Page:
RICHARD FLINT COMPETITION
The Richard Flint awards were invented through a very generous legacy left to the Fellowship by Richard Flint. It was his hope that the money would be used to encourage survivors of Polio to embrace there artistic flare and allow it to flourish. Every year since we have run competitions in three categories for Polio survivors. This years entries were judged anonymously by a panel of three. The winners for 2020 are as follows...
1st Place, Watercolour Flowers by Cherry Evans
2nd Place, Stained Glass Scenery by Betty Brown
3rd Place Polluted Beach by Alia Hassan
1st Place, Squirrel and Coconut by Violet Roe
2nd Place, Liverpool Bay by Paul Oulton
3rd Place, Robin Catching Worm by Robert Barlow
1st Place, Dark Days in Guildford by David Mitchell
Algipan for rheumatism, to me they said,
spread it on thickly just before bed.
So tube after tube i went and bought,
but no miracles happened, life was very fraught.
Day after day the pain increased,
but I was running the hotel so work never ceased.
I limped along dragging my poor old legs,
with aching arms and stiff fingers like pegs.
"What's wrong David" friends asked of me?
Then wonderful sympathy and lots of tea.
In the gloomy corridors guest looked on in fear
at this shambling figure looming ever near.
Simple jobs like stock taking in the store
involved gymnastics, perspiration and lots on the floor
And then to the doctor, brief questions and barely a glance
no diagnosis - I missed my first chance.
The pain was appalling, every moment a nightmare
I just wanted rest and relief and some loving care.
My manager was ill and unable to cope,
So I carried on daily, kept going just by hope.every night.
Soon the paralysis started to grow,
my work rate went from frantic to extremely slow.
Olive and Peggy recognised my plight,
cutting up my food and mothering me
Regular customers noticed by limited uses,
I brushed them aside with jokes and excuses.
Stairs became a problem, the cellar a test,
three steps at a time then pause for a rest.
Every day brought more agony, growing distress,
more covering up and attempting to impress.
Then carried to a taxi, once more to the quack,
and this time an answer and no taxi back!
Panic, confusion and complete desolation,
then into the ambulance and off to isolation!
A huge sense of relief followed all over me,
was the end of my struggle coming to be?
An old fever hospital became my new home,
I just lay there rigid, aching muscle and bone.
The hotel was shut, all the staff had a test,
sugar lumps throughout Guildford
Whilst I had a rest.
Celebrities and stars vacated their suites
whilst others less famous were chucked on the streets.
I thought I was lucky just to be saved by the bell
but then an old iron lung - oh bloody hell!
At the age of 23 you should not have to ponder
about life and death and the future out yonder.
But months of care, love and top treatment
resulted in hope, mobility, peace and contentment.
Back then home to Lincoln hoping for some peace
But no chance, a physiotherapist who just wouldn't cease.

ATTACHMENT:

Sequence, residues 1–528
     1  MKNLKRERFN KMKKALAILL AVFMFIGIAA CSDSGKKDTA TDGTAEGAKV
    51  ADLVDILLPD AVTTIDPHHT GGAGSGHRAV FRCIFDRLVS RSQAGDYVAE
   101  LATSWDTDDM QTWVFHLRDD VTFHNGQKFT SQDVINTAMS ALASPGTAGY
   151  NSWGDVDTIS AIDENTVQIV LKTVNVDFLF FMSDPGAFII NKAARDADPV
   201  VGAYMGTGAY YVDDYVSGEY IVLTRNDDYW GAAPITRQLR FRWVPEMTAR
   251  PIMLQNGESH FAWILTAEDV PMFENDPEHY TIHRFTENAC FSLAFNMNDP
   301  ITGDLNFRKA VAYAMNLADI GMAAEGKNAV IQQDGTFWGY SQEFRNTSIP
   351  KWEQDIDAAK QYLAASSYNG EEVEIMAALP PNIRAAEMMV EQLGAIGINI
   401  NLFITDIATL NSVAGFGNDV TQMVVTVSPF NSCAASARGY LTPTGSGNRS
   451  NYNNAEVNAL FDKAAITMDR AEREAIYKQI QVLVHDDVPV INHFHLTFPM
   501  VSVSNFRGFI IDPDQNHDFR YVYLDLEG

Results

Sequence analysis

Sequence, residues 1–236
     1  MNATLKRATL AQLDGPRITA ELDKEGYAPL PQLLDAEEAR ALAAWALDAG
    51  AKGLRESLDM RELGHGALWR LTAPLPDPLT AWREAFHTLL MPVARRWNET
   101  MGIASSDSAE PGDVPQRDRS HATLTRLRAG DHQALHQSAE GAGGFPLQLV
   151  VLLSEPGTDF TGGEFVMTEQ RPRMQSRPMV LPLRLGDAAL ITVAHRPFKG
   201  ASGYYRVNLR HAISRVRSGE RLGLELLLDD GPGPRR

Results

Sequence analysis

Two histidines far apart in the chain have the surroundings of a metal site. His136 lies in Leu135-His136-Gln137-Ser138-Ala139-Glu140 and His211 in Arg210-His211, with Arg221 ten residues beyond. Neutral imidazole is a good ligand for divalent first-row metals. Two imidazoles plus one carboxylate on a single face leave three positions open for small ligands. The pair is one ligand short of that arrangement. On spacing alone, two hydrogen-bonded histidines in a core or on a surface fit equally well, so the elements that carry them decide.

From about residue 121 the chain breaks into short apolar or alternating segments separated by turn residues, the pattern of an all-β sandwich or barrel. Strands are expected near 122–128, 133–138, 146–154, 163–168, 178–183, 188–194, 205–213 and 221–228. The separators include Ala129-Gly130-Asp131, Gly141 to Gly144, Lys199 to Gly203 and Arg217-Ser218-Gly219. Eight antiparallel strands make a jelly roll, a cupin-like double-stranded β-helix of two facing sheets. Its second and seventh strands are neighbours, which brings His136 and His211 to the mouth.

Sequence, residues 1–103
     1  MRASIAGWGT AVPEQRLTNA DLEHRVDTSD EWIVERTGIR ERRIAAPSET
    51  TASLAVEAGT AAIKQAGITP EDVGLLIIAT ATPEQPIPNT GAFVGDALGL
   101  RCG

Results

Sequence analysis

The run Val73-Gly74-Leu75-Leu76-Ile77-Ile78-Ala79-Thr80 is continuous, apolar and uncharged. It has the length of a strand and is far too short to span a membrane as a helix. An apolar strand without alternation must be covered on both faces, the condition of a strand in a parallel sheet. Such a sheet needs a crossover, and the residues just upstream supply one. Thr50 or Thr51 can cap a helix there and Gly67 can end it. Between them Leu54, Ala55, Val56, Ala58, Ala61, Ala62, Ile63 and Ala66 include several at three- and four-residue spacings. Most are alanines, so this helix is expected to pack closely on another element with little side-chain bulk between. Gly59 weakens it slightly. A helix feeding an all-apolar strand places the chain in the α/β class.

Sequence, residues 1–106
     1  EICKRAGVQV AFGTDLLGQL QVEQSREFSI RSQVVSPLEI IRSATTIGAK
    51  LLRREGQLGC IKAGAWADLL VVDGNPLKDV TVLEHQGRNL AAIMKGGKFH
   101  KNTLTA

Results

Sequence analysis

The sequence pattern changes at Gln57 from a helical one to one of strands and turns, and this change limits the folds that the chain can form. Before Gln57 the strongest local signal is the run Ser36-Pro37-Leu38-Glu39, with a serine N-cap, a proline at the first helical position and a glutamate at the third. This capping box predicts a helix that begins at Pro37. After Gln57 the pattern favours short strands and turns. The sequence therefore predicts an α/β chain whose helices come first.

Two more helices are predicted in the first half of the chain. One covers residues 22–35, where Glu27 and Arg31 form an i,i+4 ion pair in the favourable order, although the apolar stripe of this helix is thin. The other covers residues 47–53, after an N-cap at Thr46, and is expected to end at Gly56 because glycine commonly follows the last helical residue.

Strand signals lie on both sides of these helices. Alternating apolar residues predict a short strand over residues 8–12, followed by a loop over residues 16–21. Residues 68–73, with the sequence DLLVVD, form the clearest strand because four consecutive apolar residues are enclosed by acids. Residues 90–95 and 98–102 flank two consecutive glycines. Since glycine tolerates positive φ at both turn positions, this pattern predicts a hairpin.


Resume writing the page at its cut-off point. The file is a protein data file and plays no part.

My job was held open so that I did not have to worry,
and eighteen months later I went back to Surrey.
Next door was Boots' chemist for potions and pills
but I decided against Algipan whatever my ills.
Years have gone by and I look back with praise
for the wonderful help during those desperate days.
When we chat at our meetings about our different lives
I marvel at the support of husbands and wives.
Some heart wrenching tales come from round the table,
and the human spirit is truly that word 'able'.
What things they have done, what jobs they have had,
memories so happy, so happy proud but never sad.
So many of our members are now dead and gone
but thank you God that the Fellowship still carries on.
2nd Place, Did You See My Carrots? by Brenda Phillips
Did you see my carrots?
Did you look down and sigh
As I planted cabbages too close
The beans collapsed
And I tried hard not to cry?
But did you see my carrots?
They really were the best,
I held them up to show you,
To prove that I do try.
Have you watched your roses bloom? Oh how they made you smile,
I've pruned and mulched and talked to them And missed you all the while.
Have you watched me mow the lawn, Attempt to cut the hedge?
I've cleaned the pond and fed the fish, Life goes on, but how I wish
I've redesigned the borders to enable me to stay
Because you're with me in our garden, Each and every day.
3rd Place, The Enemy Within by Betty Brown
We all have an enemy within our souls
Sometimes hidden, sometimes for all to behold,
Now what is mine where can I begin?
To let the world know what is hidden within.
Hidden deeply only known to me
Can I be brave enough to let it roam free?
The enemy for me is to prove I'm better than most
Before I go on, let me say I don't mean to boast.
It started when I was the youngest of five
Four brothers older I had to struggle to survive,
"Push off we don't need you following us
Go play with your dolls stop making a fuss."
I wanted to be the Indian Squaw
When brothers were the cowboys four.
One day they tied me to a tree
"Don't dare start crying they said to me"
As they ran off with their mates
Leaving me to my fate.
So at a very young age I said,
"I'll be as good as them or better instead,"
I was thrown into the pool by brother four
And managed to swim so he didn't score
I became a better swimmer than him
For i learned later that he couldn't swim,
All this thriving to be the best
Helped when I was older to beat the stress.
Of trying to beat this enemy within
Raising its ugly head don't let it win.
So when Polio visited and I was confined to a bed
The enemy within helped me a path to tread.
And here I am seventy years on
Still trying to prove I am as good as the next one.
And beat this enemy the enemy within.
We must never let the enemy win.